IDEAS home Printed from https://ideas.repec.org/a/eee/trapol/v35y2014icp333-340.html
   My bibliography  Save this article

Economic impact of port sectors on South African economy: An input–output analysis

Author

Listed:
  • Chang, Young-Tae
  • Shin, Sung-Ho
  • Lee, Paul Tae-Woo

Abstract

The port sectors in a country play an important role in its economy. This paper presents an input–output analysis on how the port sectors impact a concerned economy using the South African case. Moreover, this paper reports how a rectangular Supply and Use Table system of national accounts can be converted to a traditional square symmetric matrix type system. A range of models, such as demand-driven, supply-driven and price models, were derived for the estimation. From these models, the production effect together with the forward and backward linkage effects, price change effects and employment effects were estimated to determine the impact of port sectors. The overall forward linkage effect of the port sector was 0.97 and the backward one was 0.48, indicating that the port sector does not appear to use other sectors much in producing its activities whereas the port sector is used relatively more by other industries owing to its relatively high forward linkage effect. The overall impact effect of the port sector per unit shortage on all other products was found to be 1.1705. Therefore, one unit shortage in the port sector would have incurred a 17% loss to the entire economy in 2002. Leontief׳s price model was used for the scenario that what would occur if the price of port sector׳s cost was increased by various ranges from 5%, 10% and 30% to 50% and 100%.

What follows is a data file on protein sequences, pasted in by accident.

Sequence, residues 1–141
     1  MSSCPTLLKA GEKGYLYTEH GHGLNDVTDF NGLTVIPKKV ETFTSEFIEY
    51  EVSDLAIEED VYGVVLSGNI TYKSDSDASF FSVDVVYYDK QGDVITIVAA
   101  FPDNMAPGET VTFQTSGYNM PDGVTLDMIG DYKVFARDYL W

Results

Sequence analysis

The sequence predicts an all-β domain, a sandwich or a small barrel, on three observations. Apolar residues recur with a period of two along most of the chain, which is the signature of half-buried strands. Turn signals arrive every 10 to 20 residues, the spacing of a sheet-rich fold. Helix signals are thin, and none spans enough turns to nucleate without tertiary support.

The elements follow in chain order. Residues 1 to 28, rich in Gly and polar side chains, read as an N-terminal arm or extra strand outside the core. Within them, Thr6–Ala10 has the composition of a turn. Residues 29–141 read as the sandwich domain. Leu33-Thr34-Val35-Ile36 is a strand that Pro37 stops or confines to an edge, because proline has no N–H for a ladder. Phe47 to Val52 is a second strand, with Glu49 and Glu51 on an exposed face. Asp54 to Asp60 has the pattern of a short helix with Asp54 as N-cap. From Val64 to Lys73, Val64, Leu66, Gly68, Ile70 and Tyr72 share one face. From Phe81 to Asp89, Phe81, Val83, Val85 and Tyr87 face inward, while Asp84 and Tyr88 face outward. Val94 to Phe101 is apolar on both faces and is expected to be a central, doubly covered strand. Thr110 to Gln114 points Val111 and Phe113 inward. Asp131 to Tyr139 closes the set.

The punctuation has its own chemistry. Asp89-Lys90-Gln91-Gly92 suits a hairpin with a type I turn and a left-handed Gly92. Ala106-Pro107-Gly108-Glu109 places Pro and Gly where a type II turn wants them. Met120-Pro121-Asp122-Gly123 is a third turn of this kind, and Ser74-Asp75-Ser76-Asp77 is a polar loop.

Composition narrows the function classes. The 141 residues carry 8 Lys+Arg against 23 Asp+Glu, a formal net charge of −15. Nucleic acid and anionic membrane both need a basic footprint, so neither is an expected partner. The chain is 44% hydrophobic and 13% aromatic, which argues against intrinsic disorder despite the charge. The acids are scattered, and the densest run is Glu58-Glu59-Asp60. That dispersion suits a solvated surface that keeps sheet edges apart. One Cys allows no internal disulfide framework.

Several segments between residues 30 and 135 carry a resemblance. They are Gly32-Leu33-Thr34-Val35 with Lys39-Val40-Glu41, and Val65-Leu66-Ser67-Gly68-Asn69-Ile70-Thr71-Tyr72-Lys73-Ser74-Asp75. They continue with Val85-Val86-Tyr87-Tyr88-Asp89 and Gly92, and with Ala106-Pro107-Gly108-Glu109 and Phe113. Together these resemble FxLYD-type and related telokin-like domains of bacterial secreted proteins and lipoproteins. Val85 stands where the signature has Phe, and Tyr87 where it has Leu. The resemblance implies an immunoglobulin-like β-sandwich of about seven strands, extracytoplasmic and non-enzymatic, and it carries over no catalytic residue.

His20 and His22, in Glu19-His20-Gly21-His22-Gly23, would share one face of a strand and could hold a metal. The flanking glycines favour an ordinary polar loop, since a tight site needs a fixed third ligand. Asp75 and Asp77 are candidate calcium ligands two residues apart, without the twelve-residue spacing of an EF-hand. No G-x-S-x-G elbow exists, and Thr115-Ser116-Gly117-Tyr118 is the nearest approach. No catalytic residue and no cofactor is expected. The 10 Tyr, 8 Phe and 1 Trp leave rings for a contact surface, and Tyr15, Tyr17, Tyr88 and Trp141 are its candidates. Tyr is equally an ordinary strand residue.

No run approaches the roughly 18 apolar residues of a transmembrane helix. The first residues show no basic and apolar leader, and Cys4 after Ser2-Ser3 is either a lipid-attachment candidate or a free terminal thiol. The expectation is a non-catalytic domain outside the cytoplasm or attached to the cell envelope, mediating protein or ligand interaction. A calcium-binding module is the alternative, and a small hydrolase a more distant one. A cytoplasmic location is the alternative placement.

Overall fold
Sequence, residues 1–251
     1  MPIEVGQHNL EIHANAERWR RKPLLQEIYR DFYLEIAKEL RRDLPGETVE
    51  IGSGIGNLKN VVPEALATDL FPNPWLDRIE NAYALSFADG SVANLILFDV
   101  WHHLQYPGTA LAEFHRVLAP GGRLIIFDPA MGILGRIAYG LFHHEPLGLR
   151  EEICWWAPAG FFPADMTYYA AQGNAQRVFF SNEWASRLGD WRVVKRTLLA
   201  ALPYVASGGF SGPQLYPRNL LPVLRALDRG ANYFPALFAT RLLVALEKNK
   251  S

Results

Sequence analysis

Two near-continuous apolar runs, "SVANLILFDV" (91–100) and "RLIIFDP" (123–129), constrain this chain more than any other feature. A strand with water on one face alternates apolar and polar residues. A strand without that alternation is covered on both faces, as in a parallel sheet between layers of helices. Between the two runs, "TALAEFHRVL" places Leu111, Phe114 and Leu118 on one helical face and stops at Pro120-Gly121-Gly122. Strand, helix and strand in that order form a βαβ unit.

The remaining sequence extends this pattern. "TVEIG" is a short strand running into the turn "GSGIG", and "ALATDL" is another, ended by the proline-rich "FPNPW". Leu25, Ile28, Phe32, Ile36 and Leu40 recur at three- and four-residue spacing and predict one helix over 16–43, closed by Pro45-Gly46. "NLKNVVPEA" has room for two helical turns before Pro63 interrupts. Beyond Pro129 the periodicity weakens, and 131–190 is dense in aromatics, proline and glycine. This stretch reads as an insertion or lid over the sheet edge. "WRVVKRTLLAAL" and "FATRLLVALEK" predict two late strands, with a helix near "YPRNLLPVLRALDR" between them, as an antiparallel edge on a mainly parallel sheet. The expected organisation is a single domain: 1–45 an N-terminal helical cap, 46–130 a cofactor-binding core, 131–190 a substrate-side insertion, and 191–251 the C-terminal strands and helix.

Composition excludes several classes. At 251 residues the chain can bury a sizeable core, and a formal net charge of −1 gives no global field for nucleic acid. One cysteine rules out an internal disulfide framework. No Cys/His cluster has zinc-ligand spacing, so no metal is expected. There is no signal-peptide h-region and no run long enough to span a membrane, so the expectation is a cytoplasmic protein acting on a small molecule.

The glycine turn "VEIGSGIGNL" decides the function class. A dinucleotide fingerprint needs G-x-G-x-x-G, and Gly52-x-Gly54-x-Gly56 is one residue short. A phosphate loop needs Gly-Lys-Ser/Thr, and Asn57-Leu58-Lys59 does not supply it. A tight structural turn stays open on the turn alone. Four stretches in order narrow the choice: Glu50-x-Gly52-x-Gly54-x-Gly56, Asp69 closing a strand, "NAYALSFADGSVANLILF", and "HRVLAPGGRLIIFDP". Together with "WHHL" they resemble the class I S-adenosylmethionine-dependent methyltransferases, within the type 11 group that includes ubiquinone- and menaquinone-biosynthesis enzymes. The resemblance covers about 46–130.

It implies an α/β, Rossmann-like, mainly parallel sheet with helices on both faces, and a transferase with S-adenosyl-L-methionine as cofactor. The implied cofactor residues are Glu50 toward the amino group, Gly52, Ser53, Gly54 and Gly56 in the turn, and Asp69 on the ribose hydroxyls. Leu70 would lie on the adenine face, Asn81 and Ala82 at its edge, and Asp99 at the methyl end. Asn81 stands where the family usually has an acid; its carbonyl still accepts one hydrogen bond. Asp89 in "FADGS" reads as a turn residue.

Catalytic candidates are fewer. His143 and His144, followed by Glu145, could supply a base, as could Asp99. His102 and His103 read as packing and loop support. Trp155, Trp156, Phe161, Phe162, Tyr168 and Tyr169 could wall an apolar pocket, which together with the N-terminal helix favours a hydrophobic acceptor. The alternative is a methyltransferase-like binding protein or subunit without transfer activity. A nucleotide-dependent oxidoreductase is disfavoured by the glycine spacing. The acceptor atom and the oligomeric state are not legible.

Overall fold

Suggested Citation

  • Chang, Young-Tae & Shin, Sung-Ho & Lee, Paul Tae-Woo, 2014. "Economic impact of port sectors on South African economy: An input–output analysis," Transport Policy, Elsevier, vol. 35(C), pages 333-340.
  • Handle: RePEc:eee:trapol:v:35:y:2014:i:c:p:333-340
    DOI: 10.1016/j.tranpol.2014.04.006
    as

    Download full text from publisher

    File URL: http://www.sciencedirect.com/science/article/pii/S0967070X14000936
    Download Restriction: Full text for ScienceDirect subscribers only

    As the access to this document is restricted, you may want to search for a different version of it.

    References listed on IDEAS

    as
    1. Romeo Danielis & Tullio Gregori, 2013. "An input-output-based methodology to estimate the economic role of a port: The case of the port system of the Friuli Venezia Giulia Region, Italy," Maritime Economics & Logistics, Palgrave Macmillan;International Association of Maritime Economists (IAME), vol. 15(2), pages 222-255, June.
    2. Lee, Min-Kyu & Yoo, Seung-Hoon, 2014. "The role of the capture fisheries and aquaculture sectors in the Korean national economy: An input–output analysis," Marine Policy, Elsevier, vol. 44(C), pages 448-456.